What's confusing me is that I read a lot of conflicting reports on the following two issues:

    a) whether greater pen sensitivity makes a meaningful difference
    b) everyone seems to be raving about the cintiqs but at the same time I read a fair number of complaints about issues with pen to pixel accuracy (which yiynova seems to be slightly worse with)

    I can get the Intuos5 large on ebay for $440, the cintiq 15sx for $360-400, cintiq 18sx for $500 or less, cintiq DTU-710 (17") for $400, yiynova 19" for $500, and a pc only kingtee 19" for $650. If I spend $300-500 on a tablet pc I can still fit both the portable and the plugged in usage scenario for a grand or less. And given my strong desire for direct pen to paper design work yet the inferiority of tablet pc processing power, getting a cintiq (older), yiynova, or kingtee just might give me everything I need and also mean I can be a bit less hopelessly picky about the tablet pc. Is there any reason to get an intuos4/5 instead of one of those?

    UPDATE: $200 shipping on the kingtee!??
     
  8. Agent 9

    Agent 9 Scribbler - Standard Member Senior Member

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    First of all, do yourself a HUGE favor and only ever get yourself a Wacom equipped device (be it Tablet PC, graphics tablet, or Cintiq like tablet) because Wacom is the best of the best and has been sop for a few years now and it won't be changing anytime in the foreseeable future (especially where art programs are concerned), that said even Wacom devices are not perfect and have room for improvement (nowhere near as much as the other branded devices though)... Wacom, and Wacom only...

    I think its a good idea to upgrade from your bamboo to a larger Intuos, but do you need the latest? I think the only thing the 5 offers over the 4 is it has touch and can run wirelessly, other than that its pretty much exactly the same as the 4 but costs quite a bit more... but that's up to you to decide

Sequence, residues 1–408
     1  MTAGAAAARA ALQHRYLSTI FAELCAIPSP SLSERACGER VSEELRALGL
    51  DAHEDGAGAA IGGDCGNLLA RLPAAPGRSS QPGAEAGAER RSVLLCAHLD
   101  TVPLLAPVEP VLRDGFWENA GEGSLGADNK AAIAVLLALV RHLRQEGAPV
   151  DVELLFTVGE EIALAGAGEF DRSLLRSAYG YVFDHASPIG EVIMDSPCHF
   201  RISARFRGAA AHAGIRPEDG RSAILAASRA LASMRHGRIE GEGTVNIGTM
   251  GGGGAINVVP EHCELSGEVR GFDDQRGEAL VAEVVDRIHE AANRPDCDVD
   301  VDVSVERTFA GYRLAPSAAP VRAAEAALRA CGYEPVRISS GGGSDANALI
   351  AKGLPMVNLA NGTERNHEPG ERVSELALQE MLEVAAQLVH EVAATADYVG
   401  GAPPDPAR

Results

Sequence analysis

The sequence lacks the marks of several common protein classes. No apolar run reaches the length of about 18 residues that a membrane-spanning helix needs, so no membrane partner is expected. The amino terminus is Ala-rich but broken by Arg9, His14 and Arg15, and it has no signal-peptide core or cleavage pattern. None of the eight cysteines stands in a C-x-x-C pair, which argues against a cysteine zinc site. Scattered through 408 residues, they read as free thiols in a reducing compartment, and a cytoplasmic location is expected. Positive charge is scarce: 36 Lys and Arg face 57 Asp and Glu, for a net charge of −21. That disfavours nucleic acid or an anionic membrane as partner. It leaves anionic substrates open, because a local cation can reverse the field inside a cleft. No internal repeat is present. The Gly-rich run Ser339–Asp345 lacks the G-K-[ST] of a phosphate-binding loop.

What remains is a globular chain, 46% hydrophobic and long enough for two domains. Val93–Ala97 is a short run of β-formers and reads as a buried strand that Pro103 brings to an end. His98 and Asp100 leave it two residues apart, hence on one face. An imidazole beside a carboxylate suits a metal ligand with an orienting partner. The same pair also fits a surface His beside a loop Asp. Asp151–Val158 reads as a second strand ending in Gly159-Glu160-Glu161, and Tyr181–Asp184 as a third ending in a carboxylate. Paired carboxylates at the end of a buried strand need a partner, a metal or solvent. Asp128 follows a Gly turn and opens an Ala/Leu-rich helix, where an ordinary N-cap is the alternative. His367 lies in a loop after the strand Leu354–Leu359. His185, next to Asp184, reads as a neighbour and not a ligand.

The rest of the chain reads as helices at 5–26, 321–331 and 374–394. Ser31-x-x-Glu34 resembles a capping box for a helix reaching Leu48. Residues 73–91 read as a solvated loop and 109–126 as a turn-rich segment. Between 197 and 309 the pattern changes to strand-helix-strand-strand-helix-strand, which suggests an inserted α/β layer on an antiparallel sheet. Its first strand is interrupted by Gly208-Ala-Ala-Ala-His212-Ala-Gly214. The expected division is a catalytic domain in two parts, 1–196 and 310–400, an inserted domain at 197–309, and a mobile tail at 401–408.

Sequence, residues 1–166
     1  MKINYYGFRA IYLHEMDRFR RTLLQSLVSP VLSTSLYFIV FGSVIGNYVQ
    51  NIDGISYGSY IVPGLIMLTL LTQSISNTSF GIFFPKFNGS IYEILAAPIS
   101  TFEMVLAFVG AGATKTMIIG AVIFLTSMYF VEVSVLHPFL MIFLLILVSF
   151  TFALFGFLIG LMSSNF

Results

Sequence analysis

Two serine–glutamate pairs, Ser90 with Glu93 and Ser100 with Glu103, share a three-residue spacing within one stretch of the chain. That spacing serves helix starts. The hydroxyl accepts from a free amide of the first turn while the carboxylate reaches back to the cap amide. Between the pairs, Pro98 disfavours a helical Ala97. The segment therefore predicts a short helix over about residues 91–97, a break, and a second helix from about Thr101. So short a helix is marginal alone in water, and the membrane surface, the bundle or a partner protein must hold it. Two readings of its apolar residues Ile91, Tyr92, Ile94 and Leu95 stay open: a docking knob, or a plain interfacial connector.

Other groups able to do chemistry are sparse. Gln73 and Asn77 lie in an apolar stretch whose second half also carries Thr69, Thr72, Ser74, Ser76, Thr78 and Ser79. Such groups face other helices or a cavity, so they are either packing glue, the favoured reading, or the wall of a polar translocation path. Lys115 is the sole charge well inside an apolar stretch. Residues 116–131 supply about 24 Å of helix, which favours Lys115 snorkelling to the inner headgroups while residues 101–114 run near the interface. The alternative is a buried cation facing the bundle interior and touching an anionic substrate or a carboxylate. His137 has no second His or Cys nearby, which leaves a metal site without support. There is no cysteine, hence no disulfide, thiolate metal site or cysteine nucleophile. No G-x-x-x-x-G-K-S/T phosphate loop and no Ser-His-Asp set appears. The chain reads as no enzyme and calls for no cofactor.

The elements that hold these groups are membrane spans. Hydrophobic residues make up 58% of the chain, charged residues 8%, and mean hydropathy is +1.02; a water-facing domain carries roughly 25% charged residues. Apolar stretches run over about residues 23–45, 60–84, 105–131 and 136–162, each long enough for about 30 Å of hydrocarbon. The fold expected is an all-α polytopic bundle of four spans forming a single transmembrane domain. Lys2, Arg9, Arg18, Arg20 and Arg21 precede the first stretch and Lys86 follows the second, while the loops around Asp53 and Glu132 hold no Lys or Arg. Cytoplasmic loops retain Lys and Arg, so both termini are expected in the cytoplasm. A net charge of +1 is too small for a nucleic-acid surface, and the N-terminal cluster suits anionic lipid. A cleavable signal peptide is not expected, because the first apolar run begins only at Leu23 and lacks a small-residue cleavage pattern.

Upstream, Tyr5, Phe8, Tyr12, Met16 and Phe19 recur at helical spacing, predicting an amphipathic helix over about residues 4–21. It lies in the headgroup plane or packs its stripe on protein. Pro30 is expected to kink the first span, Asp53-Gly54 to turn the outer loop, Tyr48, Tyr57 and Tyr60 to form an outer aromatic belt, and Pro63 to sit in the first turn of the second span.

As for the Tablet PC's, I personally am gravitated towards the HP and Lenovo because of the thinner profile, more solid build (no notable flex or creaking; they are just really solid throughout), and the trackpoint is pretty big because trackpads are just not usable to me; that said the T5010 is a great machine and if the slightly larger screen is attractive to you then I say go for it (the T5010 only used a good AFFS+ screen, so you will get a good quality screen with any T5010). As for the Toshiba, forget about it, the screens all sucked really hard on the Toshiba Tablet PC's (viewing angles, brightness, and so on), also their quality is alright but doesn't quite compare IMO.

    To the Cintiq vs Tablet PC discussion (again, only bother considering Wacom) it really comes down to portability because a Tablet PC is all self contained and portable (use it on your desk, your couch, on the go, when traveling, and anywhere else really); where as a Cintiq is bulky and has a cable mess and needs a AC adapter to work (so you are stuck desk bound, or wherever you set it up at)
     
  9. icantdecidehaha

    icantdecidehaha Pen Pal - Newbie

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    I dunno, I've seen many happy artists using N-trig for example. I know wacom is the best, but there are also specific features I want from my devices and only so much money in my bank account. Ya know? From what I'm reading, there are a significant number of professional artists who are quite satisfied with the yiynova and the kingtee (they do have some problems of course, but so do the cintiqs). I can't ignore that. I'm not even a professional artist, yet, and I've never used a cintiq before so I might not even notice the difference. No disrespect though.
    Also I think maybe I was a little unclear. It's not tablet pc versus cintiq for me. It's the best tablet pc in my budget + Intuos versus tablet pc that can do everything minus 3D work + used-cintiq/yiynova/kingtee. If a Intuos makes more sense for my needs than a used cintiq for example, I'm going to be a lot more picky about my tablet pc choice because it will be my only direct pen to paper/screen device.
    I can get the Intuos5 large for only $60 more than the cheapest price I could find on the 4 large, and on a fixed screen I do like the ability to do a multitouch rotation gesture.

    Update: Oh, and what do yall think about the HP 2740p? It has a full voltage i5 and can be had for $800 looks like.
     
  10. icantdecidehaha

    icantdecidehaha Pen Pal - Newbie